Where was I?

The asking price of our puppies at this time is 1200$ plus 6% CT sales tax.

When I querried our mentor, Sydney Waller, she mentioned that her breeding friends are charging 1300$ to 1400$. One of my obstetrical patients was in the office recently and mentioned that her parents and sister had each gotten a golden retriever from the West Coast. They used the same breeder that Oprah had when Cesar Milan bought her her golden retrievers. The asking price was 3000$ to 4000$.

My puppy price philosophy stems from growing up in a family where every dollar was hard earned and quickly spent. I grew up with four younger sisters. Our then high school educated parents always had at least 3 to 4 jobs between them to support us all. My father didn’t want another mouth to feed and so he refused to let us get a dog. We had cats, and hamsters, and rabbits, and the occasional injured bird that was found in the neighborhood. But never a dog. So now one of my missions is to find a way to get puppies into younger families who have to make a real sacrifice to come up with the needed funds. So Barb and I have: the neighborhood discount, the patient discount, the repeat dog discount, the relative discount, and the special situation discount.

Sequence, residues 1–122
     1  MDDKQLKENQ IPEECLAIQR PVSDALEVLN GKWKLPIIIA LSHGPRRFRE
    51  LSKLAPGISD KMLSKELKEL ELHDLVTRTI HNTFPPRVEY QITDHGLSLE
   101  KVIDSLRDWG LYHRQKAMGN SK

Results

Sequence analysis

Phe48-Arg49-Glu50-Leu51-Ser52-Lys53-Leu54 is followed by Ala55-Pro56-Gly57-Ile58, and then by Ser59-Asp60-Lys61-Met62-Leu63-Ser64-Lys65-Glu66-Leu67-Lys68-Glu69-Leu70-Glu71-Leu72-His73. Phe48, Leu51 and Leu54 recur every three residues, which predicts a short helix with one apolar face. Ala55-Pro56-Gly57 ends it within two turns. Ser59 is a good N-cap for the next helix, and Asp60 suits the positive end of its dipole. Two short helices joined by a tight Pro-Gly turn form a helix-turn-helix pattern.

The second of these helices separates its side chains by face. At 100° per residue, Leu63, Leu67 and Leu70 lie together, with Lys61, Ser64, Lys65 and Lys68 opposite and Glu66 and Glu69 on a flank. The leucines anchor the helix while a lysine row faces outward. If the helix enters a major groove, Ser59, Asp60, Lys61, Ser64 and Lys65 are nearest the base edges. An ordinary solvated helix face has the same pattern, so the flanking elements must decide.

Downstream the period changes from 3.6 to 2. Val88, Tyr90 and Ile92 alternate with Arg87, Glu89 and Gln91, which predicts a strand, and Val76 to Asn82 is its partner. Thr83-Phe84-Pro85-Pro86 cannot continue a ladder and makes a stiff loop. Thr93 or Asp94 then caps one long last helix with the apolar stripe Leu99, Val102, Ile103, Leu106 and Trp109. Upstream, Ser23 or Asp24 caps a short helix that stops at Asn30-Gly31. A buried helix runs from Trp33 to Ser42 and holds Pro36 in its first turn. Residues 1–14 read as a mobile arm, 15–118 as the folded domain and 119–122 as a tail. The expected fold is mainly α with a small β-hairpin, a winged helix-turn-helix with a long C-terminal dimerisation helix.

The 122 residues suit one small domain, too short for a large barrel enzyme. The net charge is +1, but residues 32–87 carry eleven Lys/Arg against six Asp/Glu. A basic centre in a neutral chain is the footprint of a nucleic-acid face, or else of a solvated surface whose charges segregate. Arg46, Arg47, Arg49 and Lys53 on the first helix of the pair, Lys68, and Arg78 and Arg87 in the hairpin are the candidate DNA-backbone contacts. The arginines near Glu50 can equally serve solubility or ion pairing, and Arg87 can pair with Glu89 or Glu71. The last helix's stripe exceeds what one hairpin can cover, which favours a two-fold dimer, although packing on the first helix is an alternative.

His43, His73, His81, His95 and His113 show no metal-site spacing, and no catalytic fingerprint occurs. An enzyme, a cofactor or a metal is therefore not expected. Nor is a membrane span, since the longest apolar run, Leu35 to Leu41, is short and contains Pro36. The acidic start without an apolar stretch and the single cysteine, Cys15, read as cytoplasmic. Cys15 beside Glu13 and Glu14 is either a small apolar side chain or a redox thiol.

However, my accountant tells me now that we have an LLC corporation, we must at some point be profitable. That is a laugher at the moment. Let’s see, this year over three thousand dollars to get Emma through her infertility and insemination procedures. The cost of keeping our small family of females healthy and fit, and the needed changes to our home, is in the range of half a year private college tuition. The number of puppies this year to date: zero. Our accountant is not going to be happy.

One of our daughters, a city dweller, recently bought a pug puppy from the “reputable” puppy store in the area. The asking price was 1300$. Cute as a button, once she got the dog home, the problems began. The added vet bills from her not thriving initially, and having a number of medical problems added several hundreds of dollars to the initial cost, plus untold stress to my daughter.

I was browsing the Golden Retriever Club of America website that is linked on our website. They have a wealth of information on buying a puppy that includes a section on the prices charged. I would encourage all potential puppy owners to spend some time reading what they have to say.

My final thoughts though are that no matter what you buy your dog for, you are getting a bargain. A companion, exercise buddy, therapist, and best friend, there is always someone waiting to greet you with a wag of their tail and a cuddle when you get home. New adventures are always just a car ride away. Our Riley demonstrated that today when we were bringing our Christmas tree home in the dog van. As soon as the door opened and we got out, in she went . Tennis ball in her mouth she looked at me as if to say “let’s go there are adventures out there awaiting”.


The rewards of multiple moments like this every day are indeed… priceless.